Recommended Dose and Dosage Adjustment
Vaccination duration/course consists of two doses. The
first dose can be administered from the age of 6 weeks.
There should be AN interval of a minimum of 4 weeks
between doses.
ROTARIX may be given to preterm infants considering
the same vaccination course. The administration of the 2
doses should be completed by the age of 24 weeks. In
particular circumstances, if the vaccine is given at an
earlier age, and that the second dose is given within the
shortest interval of 4 weeks, an immune response
induced may be of lower value.
Firm recommendation is suggested that infants who
receive a first dose of ROTARIX complete the 2-dose
regimen with ROTARIX.
Infection occurring due to rotavirus is the prime cause of
severe acute gastroenteritis in infants and young children
around the world. Transmission of rotavirus occurs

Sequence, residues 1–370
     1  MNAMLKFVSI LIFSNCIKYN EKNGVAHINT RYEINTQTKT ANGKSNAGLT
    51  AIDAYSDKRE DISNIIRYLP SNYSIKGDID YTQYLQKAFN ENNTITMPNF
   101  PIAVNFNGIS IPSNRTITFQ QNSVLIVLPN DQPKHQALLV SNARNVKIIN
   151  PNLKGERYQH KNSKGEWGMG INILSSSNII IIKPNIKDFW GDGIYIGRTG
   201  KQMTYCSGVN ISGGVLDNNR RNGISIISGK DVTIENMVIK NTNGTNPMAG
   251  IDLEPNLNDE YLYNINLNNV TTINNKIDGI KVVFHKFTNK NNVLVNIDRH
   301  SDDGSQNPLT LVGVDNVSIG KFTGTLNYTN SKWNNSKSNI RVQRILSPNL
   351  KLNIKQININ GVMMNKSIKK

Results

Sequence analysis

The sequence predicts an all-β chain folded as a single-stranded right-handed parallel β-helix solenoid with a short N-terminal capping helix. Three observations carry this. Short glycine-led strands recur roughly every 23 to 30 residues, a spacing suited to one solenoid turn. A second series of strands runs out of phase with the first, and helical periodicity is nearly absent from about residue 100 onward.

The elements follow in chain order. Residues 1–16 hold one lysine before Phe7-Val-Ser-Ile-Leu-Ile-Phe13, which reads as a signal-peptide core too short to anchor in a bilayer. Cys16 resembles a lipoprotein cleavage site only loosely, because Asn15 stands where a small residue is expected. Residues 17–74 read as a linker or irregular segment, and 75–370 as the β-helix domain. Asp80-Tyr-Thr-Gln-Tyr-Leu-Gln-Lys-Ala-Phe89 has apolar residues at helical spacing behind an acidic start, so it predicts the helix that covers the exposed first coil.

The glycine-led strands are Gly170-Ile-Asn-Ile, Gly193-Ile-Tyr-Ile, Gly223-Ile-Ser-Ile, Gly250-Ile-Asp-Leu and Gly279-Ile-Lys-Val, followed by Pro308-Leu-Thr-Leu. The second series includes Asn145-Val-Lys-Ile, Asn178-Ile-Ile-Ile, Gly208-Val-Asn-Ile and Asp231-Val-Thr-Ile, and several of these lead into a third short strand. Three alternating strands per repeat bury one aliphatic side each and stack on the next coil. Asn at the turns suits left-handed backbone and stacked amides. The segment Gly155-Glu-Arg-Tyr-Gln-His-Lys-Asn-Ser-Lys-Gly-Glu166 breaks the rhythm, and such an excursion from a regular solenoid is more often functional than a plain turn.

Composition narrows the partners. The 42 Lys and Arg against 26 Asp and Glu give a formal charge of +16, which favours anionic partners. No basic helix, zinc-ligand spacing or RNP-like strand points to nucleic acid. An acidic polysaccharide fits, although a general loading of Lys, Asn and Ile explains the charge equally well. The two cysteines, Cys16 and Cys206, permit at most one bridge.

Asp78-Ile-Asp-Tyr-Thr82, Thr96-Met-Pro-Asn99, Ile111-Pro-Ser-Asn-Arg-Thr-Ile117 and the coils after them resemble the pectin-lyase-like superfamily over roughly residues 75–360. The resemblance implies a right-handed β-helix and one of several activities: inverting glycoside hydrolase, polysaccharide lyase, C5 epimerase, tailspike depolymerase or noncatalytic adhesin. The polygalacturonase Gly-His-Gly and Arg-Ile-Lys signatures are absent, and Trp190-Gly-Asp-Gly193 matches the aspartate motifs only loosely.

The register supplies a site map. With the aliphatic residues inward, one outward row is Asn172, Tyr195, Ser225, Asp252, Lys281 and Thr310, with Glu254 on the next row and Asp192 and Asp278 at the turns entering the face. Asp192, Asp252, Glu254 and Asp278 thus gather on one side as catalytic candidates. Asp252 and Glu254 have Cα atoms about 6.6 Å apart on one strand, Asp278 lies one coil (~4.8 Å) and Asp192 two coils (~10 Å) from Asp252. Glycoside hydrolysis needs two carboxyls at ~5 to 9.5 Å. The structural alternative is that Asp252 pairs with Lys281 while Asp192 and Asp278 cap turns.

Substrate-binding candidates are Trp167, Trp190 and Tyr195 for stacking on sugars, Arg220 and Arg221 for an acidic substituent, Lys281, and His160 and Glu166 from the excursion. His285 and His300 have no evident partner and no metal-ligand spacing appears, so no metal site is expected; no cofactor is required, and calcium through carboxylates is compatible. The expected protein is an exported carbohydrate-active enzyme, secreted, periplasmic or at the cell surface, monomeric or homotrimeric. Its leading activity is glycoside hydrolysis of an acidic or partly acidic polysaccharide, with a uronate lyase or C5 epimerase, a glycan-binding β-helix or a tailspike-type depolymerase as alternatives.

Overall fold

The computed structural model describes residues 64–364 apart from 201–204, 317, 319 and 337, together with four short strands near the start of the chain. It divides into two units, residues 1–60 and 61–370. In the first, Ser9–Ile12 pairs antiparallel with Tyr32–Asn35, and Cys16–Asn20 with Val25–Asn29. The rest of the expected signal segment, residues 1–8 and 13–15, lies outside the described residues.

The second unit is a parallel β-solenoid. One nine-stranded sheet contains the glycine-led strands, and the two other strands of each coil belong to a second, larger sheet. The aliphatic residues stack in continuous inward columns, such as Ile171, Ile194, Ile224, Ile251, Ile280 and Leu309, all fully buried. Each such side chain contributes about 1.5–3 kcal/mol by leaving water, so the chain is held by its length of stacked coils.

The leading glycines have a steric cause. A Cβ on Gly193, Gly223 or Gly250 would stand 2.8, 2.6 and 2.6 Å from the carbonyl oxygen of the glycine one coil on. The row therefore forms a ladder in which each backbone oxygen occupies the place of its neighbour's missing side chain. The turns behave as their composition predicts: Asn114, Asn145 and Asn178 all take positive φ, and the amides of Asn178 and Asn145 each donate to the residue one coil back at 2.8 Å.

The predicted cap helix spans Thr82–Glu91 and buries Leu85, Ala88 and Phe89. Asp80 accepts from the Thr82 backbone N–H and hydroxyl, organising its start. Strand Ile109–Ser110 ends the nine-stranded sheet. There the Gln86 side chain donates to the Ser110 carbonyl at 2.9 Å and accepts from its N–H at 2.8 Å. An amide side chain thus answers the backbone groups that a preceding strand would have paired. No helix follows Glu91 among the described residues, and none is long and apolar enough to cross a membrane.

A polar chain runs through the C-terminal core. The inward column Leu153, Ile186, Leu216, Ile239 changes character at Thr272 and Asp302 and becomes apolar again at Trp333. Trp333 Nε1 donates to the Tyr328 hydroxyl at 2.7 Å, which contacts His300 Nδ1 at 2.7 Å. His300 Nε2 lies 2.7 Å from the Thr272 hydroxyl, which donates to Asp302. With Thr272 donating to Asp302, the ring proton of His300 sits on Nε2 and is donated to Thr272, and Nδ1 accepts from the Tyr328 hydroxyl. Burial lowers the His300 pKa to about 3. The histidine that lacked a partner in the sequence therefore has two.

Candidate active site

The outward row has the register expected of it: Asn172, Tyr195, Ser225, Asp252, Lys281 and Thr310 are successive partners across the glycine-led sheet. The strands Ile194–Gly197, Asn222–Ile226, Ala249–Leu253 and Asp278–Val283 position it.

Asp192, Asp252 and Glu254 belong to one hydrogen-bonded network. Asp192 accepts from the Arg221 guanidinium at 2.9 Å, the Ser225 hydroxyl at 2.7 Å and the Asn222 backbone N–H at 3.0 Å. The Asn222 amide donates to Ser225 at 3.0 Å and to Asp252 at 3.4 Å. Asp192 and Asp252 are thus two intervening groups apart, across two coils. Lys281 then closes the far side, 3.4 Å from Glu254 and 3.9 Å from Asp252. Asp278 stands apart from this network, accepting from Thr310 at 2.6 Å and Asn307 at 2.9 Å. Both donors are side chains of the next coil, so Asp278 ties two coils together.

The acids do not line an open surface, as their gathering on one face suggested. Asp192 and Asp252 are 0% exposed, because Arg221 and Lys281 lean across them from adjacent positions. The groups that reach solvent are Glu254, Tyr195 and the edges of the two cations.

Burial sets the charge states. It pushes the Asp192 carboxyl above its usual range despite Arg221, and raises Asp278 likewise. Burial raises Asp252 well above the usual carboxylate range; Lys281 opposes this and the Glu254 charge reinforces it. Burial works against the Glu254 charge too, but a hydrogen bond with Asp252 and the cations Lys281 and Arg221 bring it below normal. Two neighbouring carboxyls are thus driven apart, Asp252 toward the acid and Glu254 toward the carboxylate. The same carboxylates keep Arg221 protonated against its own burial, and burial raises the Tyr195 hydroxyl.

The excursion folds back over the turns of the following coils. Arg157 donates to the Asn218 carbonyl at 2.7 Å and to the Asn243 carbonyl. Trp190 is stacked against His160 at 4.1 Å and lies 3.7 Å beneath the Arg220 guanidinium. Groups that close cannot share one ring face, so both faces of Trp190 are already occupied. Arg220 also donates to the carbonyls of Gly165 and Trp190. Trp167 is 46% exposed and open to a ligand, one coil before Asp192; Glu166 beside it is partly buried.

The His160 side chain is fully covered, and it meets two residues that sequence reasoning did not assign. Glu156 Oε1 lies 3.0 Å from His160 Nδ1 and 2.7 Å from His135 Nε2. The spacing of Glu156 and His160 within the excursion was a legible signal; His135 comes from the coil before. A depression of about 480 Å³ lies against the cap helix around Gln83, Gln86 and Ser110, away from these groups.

mainly by the fecal-oral route, through close contact from
person-to-person, and through fomites. Ingested virus
particles infect the cells in the villi of the small intestine,
mainly leading to cause villous atrophy. Characteristic
clinical features include diarrhoea, vomiting, fever and
abdominal discomfort, which often leads to fatal
dehydration and subsequent illness.
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Rotavirus infection primarily affects 95% of children by
the age of 3 to 5 years throughout the world.
Rotavirus infections is highest in kids between 6 and 24
months older.
Primary infection after 3 months of age usually causes
the most severe disease. Subsequent infections are
possible but it does not cause much stronger symptoms.
In the US and, in Canada (based upon limited data), six
rotavirus serotypes (P1A [8]G1, P1B [4]G2, P1A [8]G3,
P1A [8]G4, P1A [8]G9, and P2A [6]G9) cause the majority
of disease. These strains are generally designated by
their G serotype specificity (serotypes G1-4 and G9).
Approximately 55-65% of all rotavirus gastroenteritis in
2 Canadian studies were caused by G1 serotype
Post marketing surveillance studies to monitor the